Art Can Make You Happy

Art in general makes me feel like a more complete person. It’s not a scholarly viewpoint, but an emotional one. I’m sure others have a much more eloquent way to express it, but to see and feel a little bit of another’s’ heart and soul expressed visually- makes me happy. 

Have attended local craft and trade shows for years, and been uplifted both personally and professionally by what I’d see, and the good karma I’d feel from being in the midst of happy and creative people.

On Thursday  I attended the trade-only first day of the Architectural Digest show down at the Piers. Each year there’s a different feeling, and this one, while delightful as always, had a very genuine, attainable while still semi-out-of-the-box feel to the artwork.

Organic and crafted were 2 words that kept coming to me. Solid, and most with natural materials, the presence of both artist and their talents were apparent. Two of the artists I connected with were happily both reasonably local, and very approachable.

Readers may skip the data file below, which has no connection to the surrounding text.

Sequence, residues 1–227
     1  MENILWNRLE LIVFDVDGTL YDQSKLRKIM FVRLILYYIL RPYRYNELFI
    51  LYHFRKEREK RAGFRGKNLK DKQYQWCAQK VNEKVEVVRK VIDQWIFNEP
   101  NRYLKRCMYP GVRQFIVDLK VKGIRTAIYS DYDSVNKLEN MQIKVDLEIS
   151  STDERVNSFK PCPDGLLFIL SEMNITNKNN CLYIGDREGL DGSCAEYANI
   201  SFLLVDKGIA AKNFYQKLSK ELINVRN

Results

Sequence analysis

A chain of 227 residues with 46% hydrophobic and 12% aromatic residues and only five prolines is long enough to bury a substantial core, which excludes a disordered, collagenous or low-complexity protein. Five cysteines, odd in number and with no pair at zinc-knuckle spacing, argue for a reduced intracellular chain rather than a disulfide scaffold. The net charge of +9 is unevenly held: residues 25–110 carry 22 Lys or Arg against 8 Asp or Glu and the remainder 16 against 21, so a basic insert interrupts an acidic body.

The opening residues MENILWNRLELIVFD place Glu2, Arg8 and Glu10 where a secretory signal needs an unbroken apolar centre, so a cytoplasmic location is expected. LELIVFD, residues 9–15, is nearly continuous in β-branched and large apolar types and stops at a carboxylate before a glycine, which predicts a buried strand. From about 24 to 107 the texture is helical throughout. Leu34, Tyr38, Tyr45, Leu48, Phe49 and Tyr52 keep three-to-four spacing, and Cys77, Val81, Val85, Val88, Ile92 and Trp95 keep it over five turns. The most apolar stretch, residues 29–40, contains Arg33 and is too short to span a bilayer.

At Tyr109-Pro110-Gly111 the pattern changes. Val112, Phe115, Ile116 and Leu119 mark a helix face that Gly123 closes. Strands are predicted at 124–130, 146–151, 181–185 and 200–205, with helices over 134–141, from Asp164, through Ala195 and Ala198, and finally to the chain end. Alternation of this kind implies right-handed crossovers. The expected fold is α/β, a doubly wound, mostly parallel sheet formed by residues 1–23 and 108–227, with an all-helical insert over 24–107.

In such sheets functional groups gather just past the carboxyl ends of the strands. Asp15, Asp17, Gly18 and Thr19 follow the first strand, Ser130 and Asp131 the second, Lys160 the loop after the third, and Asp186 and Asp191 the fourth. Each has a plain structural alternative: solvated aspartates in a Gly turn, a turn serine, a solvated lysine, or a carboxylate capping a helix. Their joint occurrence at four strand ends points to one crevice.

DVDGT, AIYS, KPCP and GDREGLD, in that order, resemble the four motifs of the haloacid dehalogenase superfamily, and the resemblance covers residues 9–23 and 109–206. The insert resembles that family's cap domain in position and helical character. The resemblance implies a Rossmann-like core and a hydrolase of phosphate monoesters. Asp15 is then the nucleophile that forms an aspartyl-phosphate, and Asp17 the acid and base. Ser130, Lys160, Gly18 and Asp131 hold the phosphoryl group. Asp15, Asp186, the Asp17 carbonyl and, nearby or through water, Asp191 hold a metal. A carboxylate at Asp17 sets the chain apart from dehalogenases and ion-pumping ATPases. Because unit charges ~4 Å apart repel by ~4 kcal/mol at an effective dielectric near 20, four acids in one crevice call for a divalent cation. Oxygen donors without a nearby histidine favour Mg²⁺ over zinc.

Amy Eisenfeld Gesner is based in West Hartford (but has exhibited right here in the County Center in White Plains) creates dimensional wall art using tightly-rolled paper, with her pieces ranging from $300.00 to $6000.00.  

My amateur photos do not do her pieces justice; in particular, I was absolutely mesmerized by this piece on the right.

Jamie Harris has his studio in downtown Brooklyn, and creates in glass. Modern, but not hard or edgy; his designs are colorful, flexible, and full of energy. In particular I liked his free-form glass bubble installations-a lot of movement to them, they can be designed and placed to compliment whatever space you have.

I’d use them to soften an overly-contemporary space, or create more of a flow in those long, deadly hallways you find in commercial spaces. These pieces are priced individually, $400.00 for a single/solid element, to $1400.00 for the carved/multi-color ones.

Spring brings an explosion of local Art events, and I will make continued mention of them as the season progresses. Amy and Jamie (sorry, really didn’t see that coming!) are two of many who have much to share. Art is subjective and intensely personal, but in the months to come, give yourself a treat: go to some shows, and see what can make you happy.